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19 of 19 people found the following review helpful By Gavin Wilson on January 1, 2001
Format: Audio CD
You don't have a well-rounded CD collection if you haven't got 'Passion' and 'Security', both by Peter Gabriel. Why is 'Security' -- known as 'Peter Gabriel 4' in Europe -- so important?
1. It is a definitive hi-fi test album. If ever you buy a new component for your hi-fi, take this CD along to the shop, and test the opening track, 'Rhythm of the Heat'. Many low-quality components cannot cope with the bass boom that invades after the first Gabriel wail. This music, which first appeared on LP, had been waiting for the added clarity and impact of CD.
2. Gabriel was one of the first artists to master the complex Fairlight synthesizer. Here he creates a whirlpool of musical disorientation -- for example, the overwhelming swirling drums and percussion of the opening track, the modified marimba and eerie woodwind sounds in 'San Jacinto'.
3. This album is the fulfilment of Gabriel's departure from Genesis, some eight years earlier. Gabriel could never have stayed within the band and trodden the psychological path that took him to this masterpiece.
If you've seen the film 'Birdy', some of this album will seem strangely familiar. Gabriel took the best tunes from this and the third album, re-worked them into instrumental versions, and created, in at least one reviewer's view, an even better album.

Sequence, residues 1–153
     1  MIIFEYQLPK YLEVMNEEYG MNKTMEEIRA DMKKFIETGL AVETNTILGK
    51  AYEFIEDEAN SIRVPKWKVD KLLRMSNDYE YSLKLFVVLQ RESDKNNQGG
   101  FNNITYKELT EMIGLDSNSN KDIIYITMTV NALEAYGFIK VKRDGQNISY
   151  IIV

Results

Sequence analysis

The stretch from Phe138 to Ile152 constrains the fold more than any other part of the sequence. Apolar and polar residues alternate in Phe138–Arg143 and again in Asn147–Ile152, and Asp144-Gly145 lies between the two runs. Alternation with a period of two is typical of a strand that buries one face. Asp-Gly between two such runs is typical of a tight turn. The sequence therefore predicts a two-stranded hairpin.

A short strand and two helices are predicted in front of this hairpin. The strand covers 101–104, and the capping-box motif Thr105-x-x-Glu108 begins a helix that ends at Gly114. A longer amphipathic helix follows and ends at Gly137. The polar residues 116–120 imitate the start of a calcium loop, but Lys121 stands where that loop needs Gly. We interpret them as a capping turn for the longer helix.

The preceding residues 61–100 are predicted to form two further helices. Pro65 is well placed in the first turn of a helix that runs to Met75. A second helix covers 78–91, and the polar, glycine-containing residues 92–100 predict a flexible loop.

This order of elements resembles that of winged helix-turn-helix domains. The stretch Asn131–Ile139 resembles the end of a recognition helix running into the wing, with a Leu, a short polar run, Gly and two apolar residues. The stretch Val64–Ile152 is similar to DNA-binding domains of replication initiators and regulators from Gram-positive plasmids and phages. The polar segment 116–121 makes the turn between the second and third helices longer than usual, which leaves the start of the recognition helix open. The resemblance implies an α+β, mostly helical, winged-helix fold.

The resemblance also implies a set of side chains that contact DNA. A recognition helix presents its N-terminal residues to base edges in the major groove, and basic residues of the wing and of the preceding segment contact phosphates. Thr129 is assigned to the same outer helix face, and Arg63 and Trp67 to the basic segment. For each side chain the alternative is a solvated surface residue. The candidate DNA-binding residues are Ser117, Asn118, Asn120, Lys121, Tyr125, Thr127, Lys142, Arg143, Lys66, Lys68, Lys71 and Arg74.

At the time of writing this review, only 14 other reviews of the album are filed here on amazon. I don't understand why it gets so little attention when Passion, his other masterpiece, has 103 reviews. Both are equally magnificent.
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40 of 45 people found the following review helpful By ewomack TOP 1000 REVIEWERVINE VOICE on October 14, 2004
Format: Audio CD
Here is Gabriel's most distinctive and scariest album. Just look at the cover. Here lies the first warning. The nightmarish washed out photo negative image of what looks like a ritualistic African mask seems trapped in an eternal primordial hiss. Next listen to the sounds. The big drums on Gabriel's previous album sounded big, but on "Security" they become even bigger and pound directly into your being. Like African rhythms on steriods the beats creshendo and diminish in waves akin to a psychotic roller coaster ride. The effect makes for a disturbing gut-wrenching and beautiful listen.

Most, if not all, of the drums receive electronic treatments. Gabriel didn't perform field recordings of Ghanese drummers and overdub vocals for a reason. The primordial meets the modern on this album. We in the west are modern and seemingly "civilized" but under all of our efforts, technology and supposed progress lie the deep ineffable mysteries of human nature. African drumming in general can evoke the preternatural (which makes some sense considering that many theorize the beginning of humanity in the continent of Africa) and on "Security" Gabriel attempts to bridge electronic music with those blurry elements of existence. An homage to our unavoidable humanity that underlies all we do. The businessman in the jungle. The warrior in the Board room. Gabriel arguably succeeded in evoking such things with amazing success.

Right from the first almost silent noises of "The Rhythm of the Heat" (the long fade up could represent a creation or a birth; Gabriel's first wail could be humanity arriving on the scene). The song moves along like a musical sweat lodge building building until the intensity stretches beyond the envelope and suddenly... release. Quick breaths to a prolonged sigh.